Dating is hard enough when you have ample choice, but imagine drifting through a dark nothingness, half-formed and helpless, starved for nutrients and love.

So goes the life of a bachelor anglerfish, and when there aren't plenty of fish in the deep sea, you can't blame them for being a little clingy when they do find one.

Still, some anglerfish take that neediness to the extreme. When certain species sniff out a giant female in the dark, they will whip out their sharp teeth and bite their date by the belly.

Once they have a firm grasp, these tiny males, sometimes no bigger than a centimetre, will release an enzyme that dissolves the surrounding skin, melding his and her tissues, and establishing a common circulation of blood.

Comfortable at last in a relationship that serves him up regular meals, the male may even start to lose its eyes, fins and some internal organs.

immunefuncti 1Arrow shows a 23.5 mm large male fused onto a female anglerfish. (Edith A. Widder)

In this gruesome way, these fish become nothing more than loyal and loving appendages with testes. Or, more accurately, sexual parasites.

As one naturalist put it in 1938: "This is sheer fiction, beyond all belief unless we have seen the proof of it."

And we have - we've actually got footage. Outside of identical conjoined twins, scientists say this is the only other example of sexual parasitism that's naturally occurring.

For 100 years, we've wondered how anglerfish actually do it, and now we might have figured it out.

Even for the best doctors, fusing foreign tissue and establishing a common blood circulation is incredibly difficult. Human organ transplantation requires lifelong immunosuppressants, because vertebrate immune systems are evolved to attack foreign matter that may pose a threat.

But anglerfish don't seem to have those issues. Studying the genomes of 10 different anglerfish species, scientists have found these fish have differences in several crucial parts of the vertebrate immune system.

Some species were missing the genes that encoded for a type of antigen found on the surface of somatic cells, and which is known to signal the immune system when invaders arrive.

These are known as major histocompatibility (MHC) antigens, and while they are usually great for our health, they cause a lot of problems during organ and bone marrow transplantation when we want foreign matter to stay.

"Apart from this unusual constellation of MHC genes, we discovered that the function of killer T cells, which normally actively eliminate infected cells or attack foreign tissues during the organ rejection process, was also severely blunted if not lost entirely," says immunobiologist Jeremy Swann from the Max Planck Institute in Germany.

"These findings hinted at the possibility that the immune system of anglerfishes was very unusual among the tens of thousands of vertebrate species."

To make these fish even stranger, researchers found some species were missing antibodies - the second major immune defence system, which tag invaders for attack.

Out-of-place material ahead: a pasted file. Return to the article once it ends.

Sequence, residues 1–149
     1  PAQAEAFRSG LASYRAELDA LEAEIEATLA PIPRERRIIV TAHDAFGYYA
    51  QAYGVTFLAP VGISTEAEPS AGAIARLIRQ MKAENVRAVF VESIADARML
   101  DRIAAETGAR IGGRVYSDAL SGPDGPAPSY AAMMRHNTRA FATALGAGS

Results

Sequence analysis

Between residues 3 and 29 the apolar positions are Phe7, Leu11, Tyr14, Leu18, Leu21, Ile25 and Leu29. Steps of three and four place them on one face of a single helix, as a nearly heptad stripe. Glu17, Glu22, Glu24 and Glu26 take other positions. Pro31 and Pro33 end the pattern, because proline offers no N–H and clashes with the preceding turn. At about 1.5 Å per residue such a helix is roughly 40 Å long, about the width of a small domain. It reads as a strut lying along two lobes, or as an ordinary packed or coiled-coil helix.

In humans, the authors say, the loss of all these immune facilities would most likely kill us.

"The study thus shows that despite several hundred million years of co-evolutionary partnership of innate and adaptive functions, vertebrates can survive without the adaptive immune facilities previously considered to be irreplaceable," says immunologist Thomas Boehm from the Max Planck Institute.

"We assume that as-yet unknown evolutionary forces first drive changes in the immune system, which are then exploited for the evolution of sexual parasitism."

The question has thus gone from: how did anglerfish evolve to survive fusing with another?; to: how did anglerfish evolve to survive without the most crucial parts of the vertebrate immune system?

1 immunefunctiFemale anglerfish of the species Photocorynus spiniceps, 46 mm, with a 6.2 mm parasitic male fused to her back. (Theodore Pietsch)

Clearly, these fish aren't completely unprotected. The authors think they must be drawing on some innate immunity to fight off infection - one that doesn't remember and adapt to pathogens, simply kills them outright.

If that's true, it undermines a key assumption of vertebrate evolution.

"Our findings challenge the view that, once innate and adaptive immune systems have engaged in co-evolution, neither arm can be eliminated without detrimental consequences," the authors write.

Instead, it appears that anglerfish have lost key aspects of this adaptive immune system after it evolved among most vertebrates some 500 million years ago.

"We find it remarkable that the unusual mode of reproduction was invented several times independently in this group of fishes," says evolutionary biologist Theodore (Ted) Pietsch from the University of Washington.

Among the genomes studied, the authors actually identified several stages of this strange evolution in action. The less strong the physical attachment between mates, the more the anglerfish immune system resembled other vertebrates.

As of now, we can't say for sure why these anglerfish have adapted such odd immune systems, but it seems likely that it's somehow tied to their strange reproductive habits. And these are most likely driven, in some way, by their lonesome environment.

When there's no hope for life outside of love, it seems these fish will give up up just about anything for a life partner, their fins, their eyes, their immune systems, and even their organs.

"There's basically no integrity at this point," Pietsch told The New York Times.

The study was published in Science.